Losing weight by controlling flavor variety

A major cause of overeating is eating too many flavors all at once, triggering the hypothalamus in the brain to ask for more food, according to David Katz, M.D., of the Prevention Research Center and the Rudd Food Center for Food Policy & Obesity at Yale University.

This is the premise of his new book, "The Flavor Point Diet" (Rodale Press), based on a phenomenon he said is well studied, but is well known only to appetite researchers--sensory specific satiety.

"We stay hungry longer the more diverse the flavors in a meal or snack," said Katz, a professor in the Department of Epidemiology and Public Health at Yale School of Medicine. "If flavors are thoughtfully distributed, we fill up on fewer calories. This explains why, for instance, people can eat a holiday meal to the point of feeling unpleasantly full, yet still have room for dessert. No, that's not because you have a 'hollow leg!' It's because of sensory specific satiety; the hypothalamus is hard-wired to respond to flavors."

A pilot study of Katz's eating plan was conducted with 20 men and women, and their families, for 12 weeks. Katz said the mean weight loss over that time was 16 pounds with persons losing from 10 to 31 pounds. The study participants also lost body fat and saw their cholesterol, blood sugar, insulin, and blood pressure decline.

He said ethnic foods, such as Italian and Indian, are good examples of flavor thematic eating. Top chefs also plan meals around a harmonious blend of flavors. Katz said sensory specific satiety likely evolved because dietary variety was difficult to achieve when humans had to gather and hunt for food, but was nonetheless vital for survival. It takes a variety of foods to provide all of the nutrients we need. But the survival advantage this trait offered is now a disadvantage because we are exposed constantly to an unprecedented variety of foods. The result is an over-stimulated appetite center, too much eating and weight gain.

Another problem, Katz said, is that the food industry appears to spike processed food with superfluous flavors such as sugar in salty food and salt in sweet food. Often, the consumer cannot even detect these additions because they are accustomed to eating processed foods, and one flavor masks another. For instance, some breakfast cereals have nearly as much salt as potato chips and many types of crackers, sauces, salad dressings and other foods are loaded with sugar. This may not register on your tongue, but it does influence the hypothalamus, where the result is more appetite.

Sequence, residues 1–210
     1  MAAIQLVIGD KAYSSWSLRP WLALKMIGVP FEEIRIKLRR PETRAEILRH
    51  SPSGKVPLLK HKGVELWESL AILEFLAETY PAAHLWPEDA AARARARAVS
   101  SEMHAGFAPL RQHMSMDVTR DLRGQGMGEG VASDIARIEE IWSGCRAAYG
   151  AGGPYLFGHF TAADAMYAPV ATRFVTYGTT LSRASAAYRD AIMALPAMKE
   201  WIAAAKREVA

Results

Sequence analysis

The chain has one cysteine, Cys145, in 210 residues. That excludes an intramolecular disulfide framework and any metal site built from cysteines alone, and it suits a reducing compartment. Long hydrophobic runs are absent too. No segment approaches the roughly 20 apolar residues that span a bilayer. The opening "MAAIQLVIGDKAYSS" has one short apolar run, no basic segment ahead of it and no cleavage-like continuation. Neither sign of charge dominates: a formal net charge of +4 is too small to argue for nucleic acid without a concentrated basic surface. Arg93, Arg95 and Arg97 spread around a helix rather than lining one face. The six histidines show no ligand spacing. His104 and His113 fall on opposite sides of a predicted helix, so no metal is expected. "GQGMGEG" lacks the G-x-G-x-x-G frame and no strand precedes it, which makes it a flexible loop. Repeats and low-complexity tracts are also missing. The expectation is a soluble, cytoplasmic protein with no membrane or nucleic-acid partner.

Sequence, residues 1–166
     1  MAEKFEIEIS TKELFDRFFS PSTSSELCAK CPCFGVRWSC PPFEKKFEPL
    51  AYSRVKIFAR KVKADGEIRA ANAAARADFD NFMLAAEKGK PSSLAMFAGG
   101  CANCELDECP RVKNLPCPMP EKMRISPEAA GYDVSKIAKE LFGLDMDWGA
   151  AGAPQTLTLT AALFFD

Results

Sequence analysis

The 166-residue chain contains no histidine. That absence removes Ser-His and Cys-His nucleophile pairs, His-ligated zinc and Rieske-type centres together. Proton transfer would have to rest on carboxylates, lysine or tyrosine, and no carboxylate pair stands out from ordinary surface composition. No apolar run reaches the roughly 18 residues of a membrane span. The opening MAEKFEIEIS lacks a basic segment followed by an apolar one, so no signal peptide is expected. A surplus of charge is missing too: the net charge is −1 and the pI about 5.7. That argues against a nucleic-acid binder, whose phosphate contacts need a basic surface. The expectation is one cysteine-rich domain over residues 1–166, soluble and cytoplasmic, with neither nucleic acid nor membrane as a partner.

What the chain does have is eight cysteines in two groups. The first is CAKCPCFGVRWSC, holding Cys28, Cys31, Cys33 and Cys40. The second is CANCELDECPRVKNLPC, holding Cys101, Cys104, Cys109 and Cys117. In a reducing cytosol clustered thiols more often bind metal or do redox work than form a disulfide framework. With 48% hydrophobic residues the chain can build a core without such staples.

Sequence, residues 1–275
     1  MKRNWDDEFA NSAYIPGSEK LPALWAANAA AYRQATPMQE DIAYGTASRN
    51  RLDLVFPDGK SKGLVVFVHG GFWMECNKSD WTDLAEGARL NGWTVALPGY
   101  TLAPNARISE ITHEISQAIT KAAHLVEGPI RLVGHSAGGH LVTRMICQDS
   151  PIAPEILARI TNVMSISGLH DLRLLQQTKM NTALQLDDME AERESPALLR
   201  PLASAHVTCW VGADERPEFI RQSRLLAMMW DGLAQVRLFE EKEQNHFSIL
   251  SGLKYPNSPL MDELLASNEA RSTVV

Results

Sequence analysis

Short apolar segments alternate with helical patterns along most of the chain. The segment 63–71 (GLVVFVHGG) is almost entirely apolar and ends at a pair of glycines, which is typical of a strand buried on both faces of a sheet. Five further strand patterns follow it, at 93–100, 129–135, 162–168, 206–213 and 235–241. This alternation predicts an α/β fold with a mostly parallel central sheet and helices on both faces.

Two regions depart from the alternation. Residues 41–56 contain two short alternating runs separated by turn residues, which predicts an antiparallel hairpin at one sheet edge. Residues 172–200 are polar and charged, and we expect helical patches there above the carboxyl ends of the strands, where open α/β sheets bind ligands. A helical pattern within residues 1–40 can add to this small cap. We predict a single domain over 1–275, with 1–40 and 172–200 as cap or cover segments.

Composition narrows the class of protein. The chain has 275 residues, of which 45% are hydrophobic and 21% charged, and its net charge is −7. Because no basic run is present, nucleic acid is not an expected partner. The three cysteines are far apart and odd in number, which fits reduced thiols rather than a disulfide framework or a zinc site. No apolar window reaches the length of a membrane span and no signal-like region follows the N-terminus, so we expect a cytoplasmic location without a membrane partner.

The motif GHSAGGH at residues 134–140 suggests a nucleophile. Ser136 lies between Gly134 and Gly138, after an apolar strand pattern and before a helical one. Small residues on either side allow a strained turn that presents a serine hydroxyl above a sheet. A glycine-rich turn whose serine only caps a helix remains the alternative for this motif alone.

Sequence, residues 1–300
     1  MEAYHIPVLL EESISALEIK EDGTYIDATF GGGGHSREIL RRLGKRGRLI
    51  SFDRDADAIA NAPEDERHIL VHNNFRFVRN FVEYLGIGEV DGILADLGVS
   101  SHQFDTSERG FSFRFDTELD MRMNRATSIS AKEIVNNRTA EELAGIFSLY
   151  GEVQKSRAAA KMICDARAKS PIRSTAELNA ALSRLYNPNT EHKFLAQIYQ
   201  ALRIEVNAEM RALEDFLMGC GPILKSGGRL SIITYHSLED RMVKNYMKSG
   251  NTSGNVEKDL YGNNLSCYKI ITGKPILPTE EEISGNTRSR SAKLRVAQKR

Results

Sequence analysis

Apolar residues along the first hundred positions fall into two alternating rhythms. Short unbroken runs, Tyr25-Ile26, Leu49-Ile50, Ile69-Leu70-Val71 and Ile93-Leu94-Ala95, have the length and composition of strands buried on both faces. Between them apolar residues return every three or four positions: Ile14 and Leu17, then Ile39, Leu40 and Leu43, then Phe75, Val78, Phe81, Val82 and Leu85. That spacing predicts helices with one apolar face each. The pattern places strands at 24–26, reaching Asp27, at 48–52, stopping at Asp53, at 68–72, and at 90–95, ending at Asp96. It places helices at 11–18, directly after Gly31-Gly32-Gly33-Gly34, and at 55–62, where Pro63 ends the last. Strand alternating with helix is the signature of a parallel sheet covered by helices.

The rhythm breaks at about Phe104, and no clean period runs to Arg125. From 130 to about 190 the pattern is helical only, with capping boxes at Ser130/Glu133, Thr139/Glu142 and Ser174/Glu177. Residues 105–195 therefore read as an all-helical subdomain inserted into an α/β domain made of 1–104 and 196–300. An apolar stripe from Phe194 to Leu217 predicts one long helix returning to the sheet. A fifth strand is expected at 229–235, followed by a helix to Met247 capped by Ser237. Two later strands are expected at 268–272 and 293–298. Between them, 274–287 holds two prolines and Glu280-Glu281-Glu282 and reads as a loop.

"Flavor additions stimulate the hypothalamus to produce more neuropeptide Y, a hormone that increases appetite, and this is a major reason why people have difficulty exercising portion control," he said. "We say that variety is the spice of life, and in this regard, our diets are just way too spicy." He notes that controlling flavors through subtle repetition and thoughtful distribution so that there is variety over time, without too much variety at any one time, has a soothing influence on the appetite center.

Katz said his motivation for writing the book was the epidemic rise of obesity among children as well as adults, and the fact that obesity is the driving force behind all of the chronic diseases in this country. He also cites the national preoccupation with weight control, and the need to give people an empowering alternative to unbalanced, fad diets.

Katz said his book has three goals: to empower people to pursue their weight loss goals immediately and responsibly; to play a significant role in changing the way America thinks about the very concept of dieting, and to change the food supply.

"There are lots of ways to change the food supply," he said. "You can legislate, litigate or you can change what people demand. If people start buying more and more healthy food, there will be more healthy food available. The food industry, after all, wants to keep the customer satisfied."

The Flavor Point Diet has three phases, each of which makes use of flavor themes, more obvious in the beginning, subtle by the end. The nutritional profile of the diet never changes, and meets or exceeds all prevailing dietary guidelines in every phase. Because of this, Katz notes, a dieter could remain on any phase of the plan indefinitely. In addition, the meal plan is appropriate for all members of a household, from the youngest to the oldest.

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Last reviewed: By John M. Grohol, Psy.D. on 21 Feb 2009
    Published on PsychCentral.com. All rights reserved.

 

 

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